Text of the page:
Exit pollsters specifically mentioned the low cooperation from what appeared to be more conservative voters and the fact they quit polling early as explaining some of their failure to catch the Likud surge.

Most interesting was the strategic voting driven by polling. The polls clearly motivated Netanyahu and Likud strategists to switch from appearing as frontrunner to likely losers. The goal being to draw other conservative parties’ votes to Likud. Also, many individual voters seeing the late polls showing the Zionist Union winning independently decided to support Likud to put them over the top. Evidence for this came from media interviews with voters.

Wednesday, March 25, 2015

City Council Forum Spotlights Some Differences

The five candidates running for District 10 city council did well at a recent forum, sponsored by Cherry Creek business community. They stayed within the time limits, of which a couple of rounds were one-minute answers, and they had well-thought-out answers to the basic business area questions of parking, traffic and growth.

Chris Chiari
Anna Jones
Travis Leiker
Wayne New
Chris Cornell Wedor
As a district that centers on Capitol Hill and runs from County Club to Colfax, perspectives are mostly left of center to far left on socio-economic issues, but seemingly more moderate on jobs and growth.
The growth issue mostly elicited generic statements about balance, but there is little doubt these candidates are hearing complaints about congestion, density and rapid development. However, in the heart of the District’s business community, they low-keyed the “us vs. them” rhetoric heard in some forums.
It was the two one-minute questions that elicited some of the most insight for business-oriented voters. The candidates were asked about raising the minimum wage and possibly setting it at the Seattle rate of $15.00. If it can be raised, these candidates are raising it, and one candidate believes $15.00 is acceptable. There was no reference to trade-offs with jobs or competition with suburbs or other metro areas.
Marijuana commercialization did highlight some differences, and the sharpest and most aggressive response of the session. Generally, views ranged from concern (impact on children) to aforementioned passionate defense.
Contrary to the Democratic legislative leadership, this group of aspiring Denver officeholders would support the construction defects bill. They see the current law as an impediment to building affordable housing
District 10 will be represented by a very articulate councilperson, regardless of who wins.
  • An aggressive anti-growth bias was not expressed – it may have been masked – every candidate expressed recognition of the city’s economic strengths and Cherry Creek’s contribution to it.
  • The “economic justice” argument and the policies that operationalize it; e.g., minimum wage, living wage, etc., is accepted with few doubts, reservations or concerns expressed about trade-offs.
  • Marijuana has its advocates, but there is caution. The industry may be at a point beyond repeal, but its commercial path will not be without resistance.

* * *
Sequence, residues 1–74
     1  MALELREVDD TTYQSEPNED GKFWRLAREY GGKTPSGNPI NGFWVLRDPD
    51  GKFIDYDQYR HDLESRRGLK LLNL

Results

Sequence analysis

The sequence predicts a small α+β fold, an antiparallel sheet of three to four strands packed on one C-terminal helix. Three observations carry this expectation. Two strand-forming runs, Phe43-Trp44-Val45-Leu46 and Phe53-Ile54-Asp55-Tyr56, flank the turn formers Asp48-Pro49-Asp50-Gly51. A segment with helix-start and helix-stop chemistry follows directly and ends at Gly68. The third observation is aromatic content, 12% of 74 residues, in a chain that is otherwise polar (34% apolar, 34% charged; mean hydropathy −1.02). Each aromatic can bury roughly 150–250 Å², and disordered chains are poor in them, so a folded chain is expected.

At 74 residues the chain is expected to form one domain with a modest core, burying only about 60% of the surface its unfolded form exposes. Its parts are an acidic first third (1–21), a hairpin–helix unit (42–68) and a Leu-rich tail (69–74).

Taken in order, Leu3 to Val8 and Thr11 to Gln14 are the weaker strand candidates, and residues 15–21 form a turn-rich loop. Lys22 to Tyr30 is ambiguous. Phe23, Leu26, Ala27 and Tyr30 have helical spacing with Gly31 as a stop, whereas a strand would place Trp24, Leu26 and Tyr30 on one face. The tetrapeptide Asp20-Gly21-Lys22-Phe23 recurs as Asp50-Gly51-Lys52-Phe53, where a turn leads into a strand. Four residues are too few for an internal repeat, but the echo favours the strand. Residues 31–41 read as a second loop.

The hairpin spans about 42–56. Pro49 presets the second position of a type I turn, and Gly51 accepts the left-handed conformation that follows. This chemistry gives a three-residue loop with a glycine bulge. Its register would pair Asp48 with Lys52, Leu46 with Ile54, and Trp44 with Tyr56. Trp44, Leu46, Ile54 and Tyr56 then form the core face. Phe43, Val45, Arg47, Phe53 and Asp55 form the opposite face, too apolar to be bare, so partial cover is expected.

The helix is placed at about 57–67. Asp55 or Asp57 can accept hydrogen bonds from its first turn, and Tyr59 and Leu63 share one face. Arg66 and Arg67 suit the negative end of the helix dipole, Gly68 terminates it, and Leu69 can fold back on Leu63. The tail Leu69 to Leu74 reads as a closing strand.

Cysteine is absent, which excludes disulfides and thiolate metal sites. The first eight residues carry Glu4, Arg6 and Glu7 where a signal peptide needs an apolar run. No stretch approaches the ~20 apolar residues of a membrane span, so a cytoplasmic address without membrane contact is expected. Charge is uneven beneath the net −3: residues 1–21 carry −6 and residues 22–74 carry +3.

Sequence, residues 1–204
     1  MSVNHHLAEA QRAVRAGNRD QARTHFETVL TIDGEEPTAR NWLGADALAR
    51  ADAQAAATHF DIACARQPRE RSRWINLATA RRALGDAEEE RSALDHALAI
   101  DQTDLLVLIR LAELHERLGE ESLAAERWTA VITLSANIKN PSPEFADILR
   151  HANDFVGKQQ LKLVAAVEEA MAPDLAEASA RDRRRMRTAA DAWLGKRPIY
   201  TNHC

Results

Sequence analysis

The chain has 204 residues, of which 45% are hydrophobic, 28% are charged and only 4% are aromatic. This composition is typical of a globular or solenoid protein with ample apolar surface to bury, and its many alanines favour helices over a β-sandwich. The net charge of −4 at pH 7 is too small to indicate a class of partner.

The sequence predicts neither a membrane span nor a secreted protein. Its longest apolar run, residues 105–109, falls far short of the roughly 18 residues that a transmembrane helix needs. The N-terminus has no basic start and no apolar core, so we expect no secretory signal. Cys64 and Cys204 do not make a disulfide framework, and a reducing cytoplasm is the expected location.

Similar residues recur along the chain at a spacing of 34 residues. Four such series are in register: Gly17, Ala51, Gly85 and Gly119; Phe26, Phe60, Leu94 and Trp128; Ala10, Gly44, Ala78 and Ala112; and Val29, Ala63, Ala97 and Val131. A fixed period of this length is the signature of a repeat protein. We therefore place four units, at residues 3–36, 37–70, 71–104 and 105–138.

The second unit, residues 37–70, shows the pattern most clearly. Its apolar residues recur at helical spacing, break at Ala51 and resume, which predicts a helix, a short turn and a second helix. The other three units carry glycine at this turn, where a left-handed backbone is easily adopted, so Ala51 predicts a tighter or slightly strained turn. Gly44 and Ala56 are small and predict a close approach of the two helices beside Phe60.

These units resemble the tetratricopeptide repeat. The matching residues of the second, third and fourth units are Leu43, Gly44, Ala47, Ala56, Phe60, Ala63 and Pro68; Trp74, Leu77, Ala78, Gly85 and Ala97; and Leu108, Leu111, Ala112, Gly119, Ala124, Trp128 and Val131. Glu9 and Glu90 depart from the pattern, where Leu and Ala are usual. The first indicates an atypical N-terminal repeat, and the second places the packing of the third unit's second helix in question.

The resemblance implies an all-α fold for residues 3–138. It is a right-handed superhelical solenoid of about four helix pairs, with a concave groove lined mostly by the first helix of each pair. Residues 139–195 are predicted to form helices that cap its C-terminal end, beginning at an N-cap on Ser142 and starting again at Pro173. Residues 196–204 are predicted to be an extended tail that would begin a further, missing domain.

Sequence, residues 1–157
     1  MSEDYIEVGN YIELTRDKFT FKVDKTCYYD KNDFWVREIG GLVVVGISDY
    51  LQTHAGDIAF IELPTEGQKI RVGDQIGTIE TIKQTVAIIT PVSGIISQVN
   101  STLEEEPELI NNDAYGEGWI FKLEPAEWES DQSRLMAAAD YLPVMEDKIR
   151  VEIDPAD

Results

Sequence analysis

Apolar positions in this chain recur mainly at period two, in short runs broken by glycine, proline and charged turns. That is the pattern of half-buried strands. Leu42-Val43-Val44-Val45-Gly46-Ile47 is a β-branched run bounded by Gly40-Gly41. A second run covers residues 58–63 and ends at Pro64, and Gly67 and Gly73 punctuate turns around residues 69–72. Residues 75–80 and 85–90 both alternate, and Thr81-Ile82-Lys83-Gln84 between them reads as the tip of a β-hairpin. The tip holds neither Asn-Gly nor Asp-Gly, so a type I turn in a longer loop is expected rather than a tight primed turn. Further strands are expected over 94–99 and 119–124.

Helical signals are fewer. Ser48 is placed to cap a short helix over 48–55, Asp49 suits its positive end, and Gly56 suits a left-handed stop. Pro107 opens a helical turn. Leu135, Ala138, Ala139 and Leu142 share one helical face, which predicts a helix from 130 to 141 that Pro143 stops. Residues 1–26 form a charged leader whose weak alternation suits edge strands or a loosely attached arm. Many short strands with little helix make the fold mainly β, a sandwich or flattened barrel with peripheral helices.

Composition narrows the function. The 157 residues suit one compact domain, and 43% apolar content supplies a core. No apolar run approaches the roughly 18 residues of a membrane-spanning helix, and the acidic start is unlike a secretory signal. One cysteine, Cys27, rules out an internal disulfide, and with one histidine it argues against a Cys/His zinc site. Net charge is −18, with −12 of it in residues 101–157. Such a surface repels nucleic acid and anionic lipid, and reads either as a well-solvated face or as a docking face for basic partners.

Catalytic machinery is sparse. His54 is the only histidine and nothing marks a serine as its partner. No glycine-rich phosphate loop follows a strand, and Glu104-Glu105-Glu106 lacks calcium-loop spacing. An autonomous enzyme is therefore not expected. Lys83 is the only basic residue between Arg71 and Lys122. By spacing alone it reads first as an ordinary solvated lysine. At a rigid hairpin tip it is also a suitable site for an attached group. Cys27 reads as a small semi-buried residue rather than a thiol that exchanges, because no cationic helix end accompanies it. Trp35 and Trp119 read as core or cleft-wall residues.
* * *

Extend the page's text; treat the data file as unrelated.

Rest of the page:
It’s possible District 10 will be the election’s most expensive race, doubling or more the current $250,000 of total contributions.

Chicago – Mayoral Election April 7

Mayor Rahm Emanuel will win a substantial re-election victory against Cook County Commissioner Jesus “Chuy” Garcia in the April 7 runoff unless there is a major change in voter sentiment captured by recent polls.

A local pollster, Ogden and Fry, use no undecided option in some versions, and has Emanuel running at least 10 points ahead, at or above 50 percent with more than 15 percent of voters claiming to be undecided.

Emanuel wanted to avoid a runoff, but he fell short of the 50 percent needed at the Feb. 24 runoff (46%) and Garcia came in second with 34 percent.

The runoff itself was unprecedented for an incumbent Chicago mayor and a product of some local issues: Emanuel is not an easy politician to like, the teachers union fighting budget cuts and the general austerity associated with balancing budgets in big cities. But, national liberal forces and union groups thought they could use another municipal election, like New York, to take control, or at least redirect, the Democratic Party. They appear to have failed.

Tuesday, March 24, 2015

Elections in 2015

There are a host of elections in 2015 that could have significant effect on foreign affairs and the world economy.
  • Stress in the EU –Greek election in January goes to anti-austerity far left. It may begin the disassembling of the great European experiment in unity.
  • The Island – Great Britain is losing its two-party tradition. Scottish separatists and anti-EU and anti-immigration parties may have veto.
  • Middle East – Israel extends Prime Minister Netanyahu’s mandate. But, Israel’s position is becoming more tenuous due to world opinion support for a Palestinian state.
  • Africa – Nigeria, an important but fragmented country, delays its February election to March 28 due to security issues. President Goodluck Jonathan, a southern Nigerian Christian, runs for re-election in a divided country with an active insurgency.